To protect collagen, it's very important to stop sugar spikes.  Studies have shown that strictly controlling blood sugar levels over four months can result in a reduction of glycated collagen formation by 25%. So our advice; focus on whole foods. And eat more fruits and vegetables eat more foods that are naturally high in fibre and leave the cake for that special occasion.

Sprinkle collagen on your morning cereal 

They say a spoonful of sugar helps the medicine go down - so what if we told you that a spoonful of Correxiko Collagen helps the fine lines go down? Since marine collagen is the same collagen naturally found in our skin, ingesting it helps reverse the effects of ageing on the skin, hair, bones, and tissues in our body.

It repairs the skin's collagen and elastin protein fibres while thickening the outermost layer of the skin, also known as the epidermis.

Science also proves that marine collagen supplements have a significant role in decreasing wrinkles, improving skin hydrating, and strengthening the body and it couldn’t be easier to include in your diet. Simply ingest two scoops throughout the day in your favourite smoothie, or sprinkled over your cereal or yoghurt and you’ll notice brighter skin and a visible decrease in the visibility of skin ageing and scars in the space of a few weeks. 

Swap Netflix for time with your friends 

Why is making time to work out with a friend such a bonus, especially when it comes to ageing? Because, as experts suggest friendships have been proven to not only improve the quality of life, but also allow for improved attitude, faster healing time, and increased feel-good neurochemicals. Research also shows that those who have healthy friendships and connections are happier in life, and when you’re happy, you tend to glow, which, in turn, makes you look younger, too.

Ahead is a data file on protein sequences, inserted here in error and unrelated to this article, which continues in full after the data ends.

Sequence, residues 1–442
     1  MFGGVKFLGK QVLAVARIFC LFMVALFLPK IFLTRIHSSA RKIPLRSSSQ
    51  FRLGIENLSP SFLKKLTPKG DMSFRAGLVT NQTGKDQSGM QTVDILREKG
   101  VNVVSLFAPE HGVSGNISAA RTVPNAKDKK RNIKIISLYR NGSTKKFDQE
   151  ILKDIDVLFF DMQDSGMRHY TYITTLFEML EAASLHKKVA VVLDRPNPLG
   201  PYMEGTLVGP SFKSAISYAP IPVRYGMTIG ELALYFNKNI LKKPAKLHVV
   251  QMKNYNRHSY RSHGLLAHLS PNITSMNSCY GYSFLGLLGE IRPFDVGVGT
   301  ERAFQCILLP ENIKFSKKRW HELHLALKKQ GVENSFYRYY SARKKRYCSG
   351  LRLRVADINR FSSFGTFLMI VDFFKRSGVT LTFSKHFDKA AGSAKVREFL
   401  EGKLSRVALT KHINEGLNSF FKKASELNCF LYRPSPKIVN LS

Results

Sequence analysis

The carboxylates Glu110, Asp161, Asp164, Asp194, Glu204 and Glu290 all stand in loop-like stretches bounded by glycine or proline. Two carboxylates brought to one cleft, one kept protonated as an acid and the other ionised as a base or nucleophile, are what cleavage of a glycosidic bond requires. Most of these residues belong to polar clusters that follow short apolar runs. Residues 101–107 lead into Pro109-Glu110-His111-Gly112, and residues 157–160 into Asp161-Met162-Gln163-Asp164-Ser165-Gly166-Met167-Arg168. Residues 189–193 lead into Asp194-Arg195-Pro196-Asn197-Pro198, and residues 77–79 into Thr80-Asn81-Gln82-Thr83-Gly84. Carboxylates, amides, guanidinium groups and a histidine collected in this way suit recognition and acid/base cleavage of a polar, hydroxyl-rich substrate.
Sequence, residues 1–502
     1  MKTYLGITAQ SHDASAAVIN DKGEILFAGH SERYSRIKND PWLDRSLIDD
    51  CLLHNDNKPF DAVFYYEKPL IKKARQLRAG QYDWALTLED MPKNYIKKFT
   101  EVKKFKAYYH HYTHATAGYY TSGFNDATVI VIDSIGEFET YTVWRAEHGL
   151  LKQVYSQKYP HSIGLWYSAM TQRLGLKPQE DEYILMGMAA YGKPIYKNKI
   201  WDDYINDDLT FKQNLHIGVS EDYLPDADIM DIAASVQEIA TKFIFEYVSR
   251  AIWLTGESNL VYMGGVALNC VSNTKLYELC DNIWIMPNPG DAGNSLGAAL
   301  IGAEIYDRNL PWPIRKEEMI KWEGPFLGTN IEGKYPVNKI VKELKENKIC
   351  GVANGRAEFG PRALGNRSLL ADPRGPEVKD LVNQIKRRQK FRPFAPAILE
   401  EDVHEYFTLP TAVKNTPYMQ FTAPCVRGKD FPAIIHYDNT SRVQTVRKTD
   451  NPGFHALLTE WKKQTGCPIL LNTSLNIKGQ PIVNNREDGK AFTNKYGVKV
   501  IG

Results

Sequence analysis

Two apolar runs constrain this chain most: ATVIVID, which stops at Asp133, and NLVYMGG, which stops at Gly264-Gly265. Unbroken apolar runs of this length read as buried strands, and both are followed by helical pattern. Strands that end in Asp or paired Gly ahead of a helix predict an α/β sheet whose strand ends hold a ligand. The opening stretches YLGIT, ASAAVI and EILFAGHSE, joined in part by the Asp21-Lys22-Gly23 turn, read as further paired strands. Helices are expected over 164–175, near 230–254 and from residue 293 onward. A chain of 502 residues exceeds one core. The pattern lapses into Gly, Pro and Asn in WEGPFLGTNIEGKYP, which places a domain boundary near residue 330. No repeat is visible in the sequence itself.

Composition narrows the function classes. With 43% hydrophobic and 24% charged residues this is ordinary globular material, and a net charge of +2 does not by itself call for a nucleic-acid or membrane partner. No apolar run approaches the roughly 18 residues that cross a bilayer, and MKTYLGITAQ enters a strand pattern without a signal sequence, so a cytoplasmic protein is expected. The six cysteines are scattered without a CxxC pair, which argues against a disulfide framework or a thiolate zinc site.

Swap coffee for ginger tea 

If you love to wake up with a hot mug of coffee - then a cup of ginger tea is the next best thing. Not only is ginger excellent for digestion and stomach health, but it also reduces inflammation (too much of this can break down collagen), so it’s perfect to keep your skin healthy. Drink ginger tea twice a day or mix some grated ginger with a tablespoon of honey once every morning. It’s a great nightcap too - and will add to your daily hydration levels of the recommended two litres of water a day

Swap long gym sessions for HIIT 

Exercising is as good for your skin as it is for your body and one reason is that it releases a compound called IL 15, which prevents cell death. A skin study by McMaster University in Canada revealed that participants who took part in just two cycling sessions a week for three months showed changes that they reported made the skin look up to decades younger. Even better researchers have found that High-Intensity Interval Training (HIIT training) which involves alternating between very intense spurts of action and a more leisurely pace during exercise helps to rejuvenate protein-building factories in our cells, known as ribosomes, and boosts the energy-producing capacity of our cells’ powerhouses, known as mitochondria. As we get older, the ability of our mitochondria to generate energy dwindles and HIIT can help to reverse the age-related changes seen in mitochondria.